But the outrage didn’t end there. As the proceedings at the weekend-long Parents Unite confab made clear, anti-wokeness is a slippery slope. What began as a howl of protest against “critical race theory” has quickly built to include a seemingly endless litany of conservative complaints about what gets taught in schools and by whom. As the conference wore on, grievance piled up upon fresh grievance. Classrooms were being “racialized, sexualized and politicized,” as one speaker put it. Kids were coming home defeated and deflated, charged another. Schools no longer teach real-world knowledge, complained one of the student attendees. The vast majority of his classmates don’t know the difference between a stock and a bond, he reported in astonishment. Wouldn’t they gain more from learning about that than about how to combat racism?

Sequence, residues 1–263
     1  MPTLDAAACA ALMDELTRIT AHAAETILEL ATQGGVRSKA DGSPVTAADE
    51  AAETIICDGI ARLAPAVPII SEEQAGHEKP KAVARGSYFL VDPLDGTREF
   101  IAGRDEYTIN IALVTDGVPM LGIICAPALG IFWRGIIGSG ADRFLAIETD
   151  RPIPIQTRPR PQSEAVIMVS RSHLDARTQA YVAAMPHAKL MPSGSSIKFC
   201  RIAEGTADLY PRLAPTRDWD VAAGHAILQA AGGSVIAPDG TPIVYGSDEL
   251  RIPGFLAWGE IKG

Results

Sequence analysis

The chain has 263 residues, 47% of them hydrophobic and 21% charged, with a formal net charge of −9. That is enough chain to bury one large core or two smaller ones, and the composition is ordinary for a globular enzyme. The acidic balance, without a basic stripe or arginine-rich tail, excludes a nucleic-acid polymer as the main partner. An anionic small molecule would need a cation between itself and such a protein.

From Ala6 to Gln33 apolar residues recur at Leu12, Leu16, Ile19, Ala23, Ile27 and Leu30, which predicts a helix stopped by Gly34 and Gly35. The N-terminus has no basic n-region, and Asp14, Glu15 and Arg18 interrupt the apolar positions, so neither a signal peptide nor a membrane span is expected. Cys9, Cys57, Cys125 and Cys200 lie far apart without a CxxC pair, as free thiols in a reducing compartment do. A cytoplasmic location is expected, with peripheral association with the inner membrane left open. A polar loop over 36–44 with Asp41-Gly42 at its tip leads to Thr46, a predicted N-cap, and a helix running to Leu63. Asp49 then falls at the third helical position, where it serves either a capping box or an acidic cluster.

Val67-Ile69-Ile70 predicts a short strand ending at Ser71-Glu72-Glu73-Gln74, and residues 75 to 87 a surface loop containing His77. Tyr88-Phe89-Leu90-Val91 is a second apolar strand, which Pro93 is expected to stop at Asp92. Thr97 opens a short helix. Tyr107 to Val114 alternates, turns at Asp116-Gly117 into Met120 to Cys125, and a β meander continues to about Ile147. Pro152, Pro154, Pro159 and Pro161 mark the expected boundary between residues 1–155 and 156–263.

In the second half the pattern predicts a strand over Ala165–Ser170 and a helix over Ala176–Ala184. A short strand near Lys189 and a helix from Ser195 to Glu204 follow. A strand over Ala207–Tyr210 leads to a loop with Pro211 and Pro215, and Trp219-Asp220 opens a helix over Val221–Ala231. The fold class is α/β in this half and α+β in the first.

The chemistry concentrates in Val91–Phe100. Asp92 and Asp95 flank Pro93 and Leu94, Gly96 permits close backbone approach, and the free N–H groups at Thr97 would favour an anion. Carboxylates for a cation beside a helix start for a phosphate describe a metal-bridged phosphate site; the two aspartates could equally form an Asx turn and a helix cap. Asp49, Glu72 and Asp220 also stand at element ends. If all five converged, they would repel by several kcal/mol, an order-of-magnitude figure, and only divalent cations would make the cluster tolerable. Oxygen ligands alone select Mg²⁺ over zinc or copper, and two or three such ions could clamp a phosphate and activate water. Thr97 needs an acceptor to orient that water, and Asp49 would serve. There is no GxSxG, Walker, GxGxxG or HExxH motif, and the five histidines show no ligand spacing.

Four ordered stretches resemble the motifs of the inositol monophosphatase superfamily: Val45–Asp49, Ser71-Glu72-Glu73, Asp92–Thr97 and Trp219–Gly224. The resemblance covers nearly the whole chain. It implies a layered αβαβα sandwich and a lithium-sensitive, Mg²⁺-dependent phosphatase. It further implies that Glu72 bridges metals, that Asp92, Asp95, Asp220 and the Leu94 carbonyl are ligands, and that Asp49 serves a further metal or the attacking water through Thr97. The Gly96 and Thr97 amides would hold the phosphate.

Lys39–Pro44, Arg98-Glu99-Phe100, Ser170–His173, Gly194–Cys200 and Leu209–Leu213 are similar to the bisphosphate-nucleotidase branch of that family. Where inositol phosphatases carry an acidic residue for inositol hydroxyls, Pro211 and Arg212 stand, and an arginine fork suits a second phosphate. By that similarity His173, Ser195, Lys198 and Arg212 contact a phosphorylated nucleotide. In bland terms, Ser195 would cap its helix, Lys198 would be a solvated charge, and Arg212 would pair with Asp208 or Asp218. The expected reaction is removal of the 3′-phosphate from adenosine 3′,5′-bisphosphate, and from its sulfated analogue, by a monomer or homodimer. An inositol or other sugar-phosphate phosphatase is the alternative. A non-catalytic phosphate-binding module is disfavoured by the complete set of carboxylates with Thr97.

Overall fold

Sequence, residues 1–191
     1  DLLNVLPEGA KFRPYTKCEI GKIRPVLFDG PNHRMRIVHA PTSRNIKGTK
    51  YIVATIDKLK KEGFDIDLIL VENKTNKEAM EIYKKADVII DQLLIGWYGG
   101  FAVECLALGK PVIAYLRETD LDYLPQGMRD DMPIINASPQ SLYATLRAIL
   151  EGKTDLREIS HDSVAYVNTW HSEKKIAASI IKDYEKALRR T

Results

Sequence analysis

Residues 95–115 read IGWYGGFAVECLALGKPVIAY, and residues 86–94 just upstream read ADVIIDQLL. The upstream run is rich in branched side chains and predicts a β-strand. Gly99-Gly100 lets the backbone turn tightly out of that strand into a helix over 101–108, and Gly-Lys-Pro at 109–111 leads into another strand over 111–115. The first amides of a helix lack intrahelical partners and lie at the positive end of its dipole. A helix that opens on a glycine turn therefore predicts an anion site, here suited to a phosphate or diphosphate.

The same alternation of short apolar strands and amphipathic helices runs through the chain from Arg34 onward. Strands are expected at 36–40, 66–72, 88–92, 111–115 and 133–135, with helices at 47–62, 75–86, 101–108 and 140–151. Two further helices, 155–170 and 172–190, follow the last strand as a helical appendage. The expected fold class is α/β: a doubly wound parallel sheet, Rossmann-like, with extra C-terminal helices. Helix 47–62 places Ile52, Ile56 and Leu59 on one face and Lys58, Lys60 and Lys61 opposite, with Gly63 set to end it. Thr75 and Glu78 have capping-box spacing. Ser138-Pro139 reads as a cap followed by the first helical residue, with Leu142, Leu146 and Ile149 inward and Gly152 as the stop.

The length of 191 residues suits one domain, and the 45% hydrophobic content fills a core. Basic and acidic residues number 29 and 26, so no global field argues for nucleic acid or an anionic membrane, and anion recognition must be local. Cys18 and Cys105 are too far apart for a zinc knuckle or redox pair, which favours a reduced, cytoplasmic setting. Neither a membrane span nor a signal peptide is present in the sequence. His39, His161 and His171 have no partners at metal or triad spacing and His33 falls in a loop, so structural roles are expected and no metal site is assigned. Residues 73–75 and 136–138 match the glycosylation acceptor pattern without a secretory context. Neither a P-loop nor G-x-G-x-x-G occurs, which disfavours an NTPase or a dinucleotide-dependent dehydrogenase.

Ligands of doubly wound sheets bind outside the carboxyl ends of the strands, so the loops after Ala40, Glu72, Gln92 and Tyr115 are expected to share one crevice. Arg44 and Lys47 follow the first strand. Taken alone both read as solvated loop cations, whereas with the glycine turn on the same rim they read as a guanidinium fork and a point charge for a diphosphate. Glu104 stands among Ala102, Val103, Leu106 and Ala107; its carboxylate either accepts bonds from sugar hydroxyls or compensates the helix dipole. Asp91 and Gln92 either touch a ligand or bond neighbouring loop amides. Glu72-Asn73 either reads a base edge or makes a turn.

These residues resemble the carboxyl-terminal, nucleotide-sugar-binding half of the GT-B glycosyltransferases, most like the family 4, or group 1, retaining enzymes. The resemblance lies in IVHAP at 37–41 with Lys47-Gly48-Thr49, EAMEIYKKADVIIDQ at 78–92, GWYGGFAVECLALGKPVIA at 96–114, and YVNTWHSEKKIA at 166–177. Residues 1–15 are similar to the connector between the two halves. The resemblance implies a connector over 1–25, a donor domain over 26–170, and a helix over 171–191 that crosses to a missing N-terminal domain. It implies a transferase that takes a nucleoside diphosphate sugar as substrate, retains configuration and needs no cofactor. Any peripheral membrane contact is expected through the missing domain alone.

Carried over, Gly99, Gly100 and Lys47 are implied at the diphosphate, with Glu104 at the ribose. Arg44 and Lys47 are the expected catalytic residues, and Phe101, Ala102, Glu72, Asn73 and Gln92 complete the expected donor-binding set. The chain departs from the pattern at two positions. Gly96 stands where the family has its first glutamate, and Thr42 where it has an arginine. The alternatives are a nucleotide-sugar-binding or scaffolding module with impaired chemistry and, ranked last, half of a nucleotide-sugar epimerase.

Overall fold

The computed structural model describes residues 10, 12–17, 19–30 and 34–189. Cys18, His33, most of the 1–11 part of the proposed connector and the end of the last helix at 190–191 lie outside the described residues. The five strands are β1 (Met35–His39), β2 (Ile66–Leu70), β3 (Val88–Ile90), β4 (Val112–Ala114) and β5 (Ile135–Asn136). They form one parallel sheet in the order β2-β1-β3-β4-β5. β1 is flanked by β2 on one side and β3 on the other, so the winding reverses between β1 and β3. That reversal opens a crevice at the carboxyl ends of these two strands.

A panel discussion with the rather too-on-the-nose title “DEI: Under the Hood,” quickly moved on from the alleged excesses of diversity, equity and inclusion to fresh outrages, like social and emotional learning (SEL). This brand of instruction, it turns out, was actually brought into schools at the behest of businesses looking to recruit future knowledge-economy workers outfitted with “soft skills,” like team building and collaboration. But in the hothouse culture-war reveries of Parents United, SEL has taken its place alongside DEI and CRT as another sinister form of woke-ist mind control masquerading as sensitivity and empathy.

What began as a howl of protest against “critical race theory” has quickly built to include a seemingly endless litany of conservative complaints about what gets taught in schools and by whom.     

      Then there’s “gender ideology.” Erika Sanzi, who has herself recently transitioned from Obama-era charter school advocate to parents’ rights crusader, explained from the stage, parents who might be too fearful to speak out about CRT are going to revolt when they realize that the schools are trying to turn their kids trans.